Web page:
Don’t you just hate it when the dental hygienist cleans your teeth? I’m not talking about the polishing. I’m talking about that horrible scaling and excavating of your gums.
Liz, my dental hygienist, stopped her scraping long enough to wipe my face, allow me to sit up, rinse my mouth, and spit out.
“You wipe like a mother,” I said.
“I am a mother,” she said quietly.
I sat back in the chair and Liz continued with her cleaning. Liz was a no nonsense hygienist. She continued to probe and scale my gums, I closed my, eyes and probed the reasons for my comment to her.
Liz did wipe like a mother… my mother.
The rasp of the drill was the only sound in the room as Liz worked. She had stopped talking. I worried that I had offended her with my stupid big mouth. She’s a really great hygienist, and when she’s not gouging my gums, I really like her.
I leaned back, and Liz continued her relentless probing. Her drill screeched, but she was silent. She scaled my gums and some of the water sprayed my face, and some of it escaped the little suction thingy in my mouth, and headed south toward my neck. Again she stopped and swiped the paper towel across my face in that same quick back and forth motion. Liz was definitely not tender; she was efficient. Neither one of us spoke.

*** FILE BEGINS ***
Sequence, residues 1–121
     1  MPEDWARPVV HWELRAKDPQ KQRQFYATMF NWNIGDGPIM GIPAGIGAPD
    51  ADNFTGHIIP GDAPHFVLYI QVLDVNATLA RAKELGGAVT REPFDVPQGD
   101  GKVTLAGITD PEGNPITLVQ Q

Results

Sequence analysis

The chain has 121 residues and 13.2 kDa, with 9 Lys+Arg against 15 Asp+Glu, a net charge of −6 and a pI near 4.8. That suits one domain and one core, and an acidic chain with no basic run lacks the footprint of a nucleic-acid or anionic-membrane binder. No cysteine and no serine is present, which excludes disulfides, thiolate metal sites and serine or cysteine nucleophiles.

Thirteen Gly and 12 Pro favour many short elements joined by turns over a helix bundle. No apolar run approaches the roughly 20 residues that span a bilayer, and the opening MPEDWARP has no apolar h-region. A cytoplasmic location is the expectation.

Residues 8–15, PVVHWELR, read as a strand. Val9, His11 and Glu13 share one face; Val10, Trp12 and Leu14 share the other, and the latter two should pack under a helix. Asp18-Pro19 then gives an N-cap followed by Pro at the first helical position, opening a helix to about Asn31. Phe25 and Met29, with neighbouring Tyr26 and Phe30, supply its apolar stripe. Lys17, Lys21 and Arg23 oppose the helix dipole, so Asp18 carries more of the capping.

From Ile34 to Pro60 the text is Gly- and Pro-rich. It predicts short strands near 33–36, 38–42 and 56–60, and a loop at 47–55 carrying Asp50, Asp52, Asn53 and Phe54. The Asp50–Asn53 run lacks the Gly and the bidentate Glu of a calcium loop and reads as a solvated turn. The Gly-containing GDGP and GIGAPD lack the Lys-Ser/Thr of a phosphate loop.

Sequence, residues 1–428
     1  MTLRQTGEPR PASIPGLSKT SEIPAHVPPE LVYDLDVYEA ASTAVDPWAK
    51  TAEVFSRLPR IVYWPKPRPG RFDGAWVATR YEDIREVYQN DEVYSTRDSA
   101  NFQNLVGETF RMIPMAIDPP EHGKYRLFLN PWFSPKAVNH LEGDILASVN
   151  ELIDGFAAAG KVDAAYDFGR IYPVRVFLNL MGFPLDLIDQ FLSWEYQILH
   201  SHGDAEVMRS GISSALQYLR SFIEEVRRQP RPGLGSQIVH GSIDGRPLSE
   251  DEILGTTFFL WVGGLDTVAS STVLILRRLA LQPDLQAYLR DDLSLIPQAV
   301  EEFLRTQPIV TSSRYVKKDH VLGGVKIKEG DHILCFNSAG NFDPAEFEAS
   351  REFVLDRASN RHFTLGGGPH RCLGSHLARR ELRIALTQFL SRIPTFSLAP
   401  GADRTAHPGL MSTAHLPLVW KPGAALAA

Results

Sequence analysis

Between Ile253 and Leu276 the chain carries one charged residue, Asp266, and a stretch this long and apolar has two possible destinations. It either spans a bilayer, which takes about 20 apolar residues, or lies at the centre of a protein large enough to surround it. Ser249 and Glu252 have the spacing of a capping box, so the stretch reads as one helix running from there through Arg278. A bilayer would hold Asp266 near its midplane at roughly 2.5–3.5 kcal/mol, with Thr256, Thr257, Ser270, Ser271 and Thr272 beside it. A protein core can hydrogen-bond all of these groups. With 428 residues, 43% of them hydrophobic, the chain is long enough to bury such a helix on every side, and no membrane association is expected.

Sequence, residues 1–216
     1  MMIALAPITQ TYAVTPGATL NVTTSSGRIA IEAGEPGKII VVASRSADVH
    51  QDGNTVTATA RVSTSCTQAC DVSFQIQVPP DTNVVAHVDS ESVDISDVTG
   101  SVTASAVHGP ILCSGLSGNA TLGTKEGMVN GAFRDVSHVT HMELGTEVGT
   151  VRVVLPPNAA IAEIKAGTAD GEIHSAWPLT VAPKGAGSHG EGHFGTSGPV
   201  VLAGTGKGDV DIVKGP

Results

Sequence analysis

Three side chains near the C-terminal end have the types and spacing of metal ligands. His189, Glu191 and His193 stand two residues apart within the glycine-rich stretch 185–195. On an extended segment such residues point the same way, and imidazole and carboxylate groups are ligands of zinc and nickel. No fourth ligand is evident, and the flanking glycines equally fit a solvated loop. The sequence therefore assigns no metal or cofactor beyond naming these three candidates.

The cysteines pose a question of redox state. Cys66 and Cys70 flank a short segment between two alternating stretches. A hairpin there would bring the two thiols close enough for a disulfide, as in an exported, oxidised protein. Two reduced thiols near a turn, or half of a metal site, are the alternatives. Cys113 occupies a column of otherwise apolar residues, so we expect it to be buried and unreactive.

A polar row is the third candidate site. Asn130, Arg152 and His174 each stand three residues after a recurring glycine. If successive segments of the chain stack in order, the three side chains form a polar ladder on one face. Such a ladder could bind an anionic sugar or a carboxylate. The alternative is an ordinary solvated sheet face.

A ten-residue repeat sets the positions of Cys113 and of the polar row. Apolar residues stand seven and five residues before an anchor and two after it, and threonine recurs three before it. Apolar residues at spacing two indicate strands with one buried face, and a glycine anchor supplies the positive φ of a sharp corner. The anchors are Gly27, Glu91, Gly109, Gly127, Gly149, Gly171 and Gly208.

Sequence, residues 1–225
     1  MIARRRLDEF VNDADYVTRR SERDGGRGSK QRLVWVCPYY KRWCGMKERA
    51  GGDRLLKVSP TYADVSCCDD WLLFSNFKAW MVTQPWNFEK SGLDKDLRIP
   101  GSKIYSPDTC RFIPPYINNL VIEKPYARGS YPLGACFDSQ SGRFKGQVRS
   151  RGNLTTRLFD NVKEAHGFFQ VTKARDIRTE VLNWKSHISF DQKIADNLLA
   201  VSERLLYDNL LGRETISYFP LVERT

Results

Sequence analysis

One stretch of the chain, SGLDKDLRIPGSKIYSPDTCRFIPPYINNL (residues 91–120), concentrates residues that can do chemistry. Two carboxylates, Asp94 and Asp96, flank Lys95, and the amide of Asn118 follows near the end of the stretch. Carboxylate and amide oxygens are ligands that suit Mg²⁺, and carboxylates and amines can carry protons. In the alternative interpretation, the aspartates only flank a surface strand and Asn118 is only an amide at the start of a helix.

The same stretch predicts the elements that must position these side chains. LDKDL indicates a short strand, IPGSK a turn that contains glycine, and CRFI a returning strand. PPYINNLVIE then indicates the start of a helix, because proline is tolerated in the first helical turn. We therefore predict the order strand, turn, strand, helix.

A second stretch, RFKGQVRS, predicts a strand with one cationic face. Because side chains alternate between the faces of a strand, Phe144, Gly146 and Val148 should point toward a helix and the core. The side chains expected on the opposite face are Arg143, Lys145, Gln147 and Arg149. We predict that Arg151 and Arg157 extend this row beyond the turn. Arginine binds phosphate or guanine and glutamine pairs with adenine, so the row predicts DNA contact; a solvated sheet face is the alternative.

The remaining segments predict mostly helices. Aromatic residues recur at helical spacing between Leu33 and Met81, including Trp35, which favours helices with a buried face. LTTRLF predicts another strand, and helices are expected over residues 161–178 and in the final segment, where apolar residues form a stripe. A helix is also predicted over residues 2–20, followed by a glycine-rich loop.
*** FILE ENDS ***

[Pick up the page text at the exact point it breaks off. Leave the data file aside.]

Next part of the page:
Her strictly business swipe of my wet face activated long forgotten sensations from my childhood. I closed my eyes and allowed the memories to play out. I was a little girl again, a little girl with chocolate ice cream all over her face. My mother wiped my face just like Liz did. Swipe, swipe, done! If no water was available, my mother improvised with a quick spit into her tissue. Swipe. Swipe. As I replayed the feeling of my mother’s hand on my dirty little girl’s face, I forgot my discomfort with the whole dental cleaning process. I was in the hands of my mother.
Other mammal females groom their young by gently licking, patting and caressing. We, female humans, approach our child’s dirty face with ferocity. We do not caress our kids’ dirty faces. If our kid’s face is dirty from ice cream, snot mixed with sandbox dirt, or drool, or a mixture of all of the above, we, human mothers, dispatch the dirt efficiently, even roughly.
Our kids scrunch up their sticky faces, try to resist, but they don’t even bother to cry. They endure the rough swipe of our hands because they know they don’t have a choice. It’s the easiest kind of tough love.
As they get older, our kids will get into dirt much more ominous than snot and sand. They will have to make difficult choices. We parents will pine for the old days when our tough love was instinctive, incontrovertible. We will agonize.
Liz was finished with my cleaning. I sat up and she handed me the cup to sip and rinse. She stood in front of me, instead of behind me, and she smiled. “Thank you, Rose,” she said. “That was one of the nicest compliments I have ever received.”
“You’re welcome,” I said. “I meant it that way. Happy Mother’s Day.”
“Happy Mother’s Day to you too.”